NIST seeks to understand how and why humans trust AINIST seeks to understand how and why humans trust AI
The agency proposes a model that looks at objectivity, safety, and accuracy among the potential factors that impact user trust
May 20, 2021
The US National Institute of Standards and Technology (NIST) has proposed a method for evaluating trust in AI-enabled devices, and is looking for stakeholder feedback.
Accuracy, objectivity, and safety are among the nine factors identified by NIST as having a potential impact on user trust in AI.
“We are proposing a model for AI user trust,” Brian Stanton, a cognitive scientist in NIST’s visualization and usability group, said.
“It is all based on others’ research and the fundamental principles of cognition. For that reason, we would like feedback about work the scientific community might pursue to provide experimental validation of these ideas.”
Do you trust me?
The NIST proposal details nine factors that reportedly contribute to a person’s potential trust in an AI system.
The factors differ from the technical requirements for trustworthy AI that NIST is currently developing alongside industry stakeholders.
Stanton’s paper, which was co-authored with NIST computer scientist Ted Jensen, suggests that a person weighs the trust factors related to an AI system differently depending on both the task itself, and the risk involved in trusting the model’s decision.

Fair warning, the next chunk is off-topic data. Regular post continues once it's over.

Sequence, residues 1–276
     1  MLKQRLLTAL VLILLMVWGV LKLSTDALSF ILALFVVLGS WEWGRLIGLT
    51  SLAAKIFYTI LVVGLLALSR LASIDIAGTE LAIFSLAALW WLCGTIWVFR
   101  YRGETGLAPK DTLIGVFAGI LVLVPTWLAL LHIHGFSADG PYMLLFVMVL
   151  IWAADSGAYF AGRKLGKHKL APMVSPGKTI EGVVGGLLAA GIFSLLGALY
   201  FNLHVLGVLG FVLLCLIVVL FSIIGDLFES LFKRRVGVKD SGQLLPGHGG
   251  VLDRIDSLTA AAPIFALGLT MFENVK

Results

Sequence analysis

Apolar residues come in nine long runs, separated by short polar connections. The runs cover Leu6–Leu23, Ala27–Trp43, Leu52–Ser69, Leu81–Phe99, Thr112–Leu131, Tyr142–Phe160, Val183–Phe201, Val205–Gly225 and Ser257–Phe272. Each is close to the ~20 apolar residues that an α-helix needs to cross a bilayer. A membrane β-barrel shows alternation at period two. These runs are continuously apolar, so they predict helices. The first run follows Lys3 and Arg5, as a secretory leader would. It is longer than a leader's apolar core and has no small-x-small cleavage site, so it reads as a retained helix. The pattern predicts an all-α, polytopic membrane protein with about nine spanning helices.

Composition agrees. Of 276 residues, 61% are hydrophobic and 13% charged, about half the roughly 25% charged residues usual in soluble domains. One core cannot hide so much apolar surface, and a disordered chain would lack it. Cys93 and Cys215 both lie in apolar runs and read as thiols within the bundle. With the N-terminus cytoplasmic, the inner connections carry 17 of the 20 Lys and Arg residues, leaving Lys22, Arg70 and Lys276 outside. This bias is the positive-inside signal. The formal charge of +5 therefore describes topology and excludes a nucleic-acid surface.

The paper asks whether human trust in AI systems is measurable, and if so, how to measure it accurately and appropriately.
“Many factors get incorporated into our decisions about trust. It’s how the user thinks and feels about the system and perceives the risks involved in using it,” Stanton said.
The team based the proposal on existing research into trust, including the role of trust in human history and how it has shaped cognitive processes.
The paper details the unique trust challenges associated with AI, and how humans decide whether or not to trust a machine’s recommendations.
© N. Hanacek/NIST
“AI systems can be trained to ‘discover’ patterns in large amounts of data that are difficult for the human brain to comprehend. A system might continuously monitor a very large number of video feeds and, for example, spot a child falling into a harbor in one of them,” Stanton said. “No longer are we asking automation to do our work. We are asking it to do work that humans can’t do alone.”
Separately, NIST is looking for comment on China’s policies related to emerging technologies in order to avoid being outpaced by rival superpower.
NIST is seeking information on China’s role in organizations responsible for developing international standards in the past decade, as well as the country's impact on Asian standardization strategies for cloud, advanced communication systems, and other emerging technologies listed in the China Standards 2035 blueprint.
NIST will reportedly use the comments to establish international standards for emerging technologies.
The agency’s effort to understand user trust in AI appears to be lagging behind the EU’s plan to regulate AI based on the risks posed by specific systems – with an outright ban on those deemed to be a threat to citizen’s rights or livelihoods.
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